The above preview is unformatted text

This student written piece of work is one of many that can be found in our AS and A Level Healthcare section.

Found what you're looking for?

  • Start learning 29% faster today
  • 150,000+ documents available
  • Just £6.99 a month

Not the one? Search for your essay title...
  • Join over 1.2 million students every month
  • Accelerate your learning by 29%
  • Unlimited access from just £6.99 per month

See related essaysSee related essays

Related AS and A Level Healthcare essays

  1. Marked by a teacher

    The Role of Energy in the Body and the Physiology of Three Named Body ...

    5 star(s)

    1 cycle Atria Ventricles 1 square equals 0.1 second Atrial Systole = 0.1 second Systole Atrial Diastole = 0.7 seconds Ventricular Systole = 0.3 seconds Diastole Ventricular Diastole = 0.5 seconds The cardiac cycle shown above is as a series of boxes representing 0.1 second each, to study the events

  2. Marked by a teacher

    P2: Describe the structure of the tissues of the body and their role in ...

    4 star(s)

    The hyaline cartilage forms structures that support the voice box and also structures that attach the ribs to the breast bone, which covers the ends of the bones and then joints, are formed. The hyaline cartilage is not the only cartilage that is found in the body, other cartilages in the human body include fibro cartilage and the elastic cartilage.

  1. Describe (P4) the role of energy in the body and explain (M1) the physiology ...

    Right atrium receives de - oxygenated blood from the body through the superior vena cava and inferior vena cava which carries blood from the head, chest and arms and the inferior vena cava, which carries blood from the trunk and legs. Right ventricle. This has a thick wall of myocardium.

  2. P2 - Physiology of fluid balance

    Below is a diagram showing the three states of matter I have explained above; http://www.ilpi.com/msds/ref/gifs/statesofmatter.gif The three states of matter are able to transform from one state to another. 'The transformation of one state of matter into another state is called a phase transition.'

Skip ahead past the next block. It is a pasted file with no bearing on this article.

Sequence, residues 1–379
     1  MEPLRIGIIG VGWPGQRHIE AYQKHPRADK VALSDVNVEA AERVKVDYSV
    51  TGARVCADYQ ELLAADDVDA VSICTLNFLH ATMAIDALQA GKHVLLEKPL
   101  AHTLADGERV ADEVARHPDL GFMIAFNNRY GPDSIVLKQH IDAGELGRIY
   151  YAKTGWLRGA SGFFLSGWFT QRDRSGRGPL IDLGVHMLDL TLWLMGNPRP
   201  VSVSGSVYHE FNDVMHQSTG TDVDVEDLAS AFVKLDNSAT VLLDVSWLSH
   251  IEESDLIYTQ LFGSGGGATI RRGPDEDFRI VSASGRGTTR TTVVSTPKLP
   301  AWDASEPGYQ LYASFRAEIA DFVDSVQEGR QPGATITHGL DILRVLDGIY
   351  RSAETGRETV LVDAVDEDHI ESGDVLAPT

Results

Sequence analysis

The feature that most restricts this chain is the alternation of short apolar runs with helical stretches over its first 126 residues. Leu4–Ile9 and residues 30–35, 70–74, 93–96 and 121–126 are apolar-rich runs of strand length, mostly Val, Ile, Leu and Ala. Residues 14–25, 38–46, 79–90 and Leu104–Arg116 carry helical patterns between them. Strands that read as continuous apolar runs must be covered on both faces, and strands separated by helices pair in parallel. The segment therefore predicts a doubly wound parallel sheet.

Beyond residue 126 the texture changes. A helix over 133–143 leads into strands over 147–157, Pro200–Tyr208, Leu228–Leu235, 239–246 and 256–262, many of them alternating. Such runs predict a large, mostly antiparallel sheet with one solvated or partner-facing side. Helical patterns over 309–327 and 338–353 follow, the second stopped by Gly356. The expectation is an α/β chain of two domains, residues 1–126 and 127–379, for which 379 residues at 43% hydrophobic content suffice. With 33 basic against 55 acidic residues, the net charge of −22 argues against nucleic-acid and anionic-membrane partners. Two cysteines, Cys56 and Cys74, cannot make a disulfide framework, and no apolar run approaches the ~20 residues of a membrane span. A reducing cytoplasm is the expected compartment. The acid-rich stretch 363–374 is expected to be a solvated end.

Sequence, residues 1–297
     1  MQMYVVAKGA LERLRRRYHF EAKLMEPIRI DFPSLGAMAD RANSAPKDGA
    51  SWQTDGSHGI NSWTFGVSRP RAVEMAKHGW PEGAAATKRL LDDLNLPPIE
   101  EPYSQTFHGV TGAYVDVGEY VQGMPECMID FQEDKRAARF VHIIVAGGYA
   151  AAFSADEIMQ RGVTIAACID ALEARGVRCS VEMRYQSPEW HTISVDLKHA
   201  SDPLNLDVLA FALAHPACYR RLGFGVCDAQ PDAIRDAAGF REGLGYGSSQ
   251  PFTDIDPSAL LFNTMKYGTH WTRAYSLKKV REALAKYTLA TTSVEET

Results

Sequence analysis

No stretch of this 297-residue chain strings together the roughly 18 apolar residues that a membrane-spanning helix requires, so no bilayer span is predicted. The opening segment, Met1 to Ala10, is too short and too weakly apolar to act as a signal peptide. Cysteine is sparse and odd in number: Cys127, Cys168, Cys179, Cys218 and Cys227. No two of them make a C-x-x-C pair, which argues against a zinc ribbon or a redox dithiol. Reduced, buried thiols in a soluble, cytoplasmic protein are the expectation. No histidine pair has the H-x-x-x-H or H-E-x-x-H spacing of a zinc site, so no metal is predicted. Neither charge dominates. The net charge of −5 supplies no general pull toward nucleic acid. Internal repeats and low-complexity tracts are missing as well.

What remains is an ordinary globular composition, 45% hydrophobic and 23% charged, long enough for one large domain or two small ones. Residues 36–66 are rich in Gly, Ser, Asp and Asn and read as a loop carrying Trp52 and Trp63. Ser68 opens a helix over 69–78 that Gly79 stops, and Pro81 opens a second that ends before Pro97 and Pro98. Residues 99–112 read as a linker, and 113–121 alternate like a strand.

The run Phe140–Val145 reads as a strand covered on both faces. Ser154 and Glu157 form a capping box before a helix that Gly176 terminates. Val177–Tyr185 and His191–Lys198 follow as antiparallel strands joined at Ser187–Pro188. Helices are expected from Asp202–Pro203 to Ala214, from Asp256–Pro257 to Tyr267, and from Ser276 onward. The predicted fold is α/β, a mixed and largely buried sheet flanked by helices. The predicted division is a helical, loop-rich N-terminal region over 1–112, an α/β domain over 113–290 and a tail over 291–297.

Therefore there are many legal requirements to keep personal records confidential. This is supported by the care value of maintaining confidentiality. Promoting anti-discriminatory practice All service users have the right to be treated fairly, without discrimination or prejudice regardless of their background or social status.

  2. Lymph is formed when the lymphatic system carries away waste from the tissue. The ...

    Specialized lymphatic vessels are called lacteal. These vessels transport absorbed fat (also called chyle) and fat-soluble vitamins into the main circulation. Fluid transported in the lymphatic vessel is called lymph. Interconnecting lymphatic vessels merge into the thoracic and right lymphatic duct which empties into the left and right subclavian veins and finally into the main circulation 4.

  1. Describe the role of energy in the body and the physiology of three named ...

    Role of energy in the body: Energy within the body is needed for muscular activity and movement, to circulate blood, lymph and tissue fluid, needed for breathing and inhaling in oxygen. Energy is also needed in order to form new cells which are needed for growth and repair, it is

  2. P4- Explain the physiology of two named body systems in relation to energy metabolism ...

    The liver removes glucose and other sugars from the blood coming from the small intestine and converts them into glycogen for storage. Energy laws Energy is what we need to in order to anything, as mentioned before. The first law of thermodynamics also known as the management of energy.

  • Over 160,000 pieces
    of student written work
  • Annotated by
    experienced teachers
  • Ideas and feedback to
    improve your own work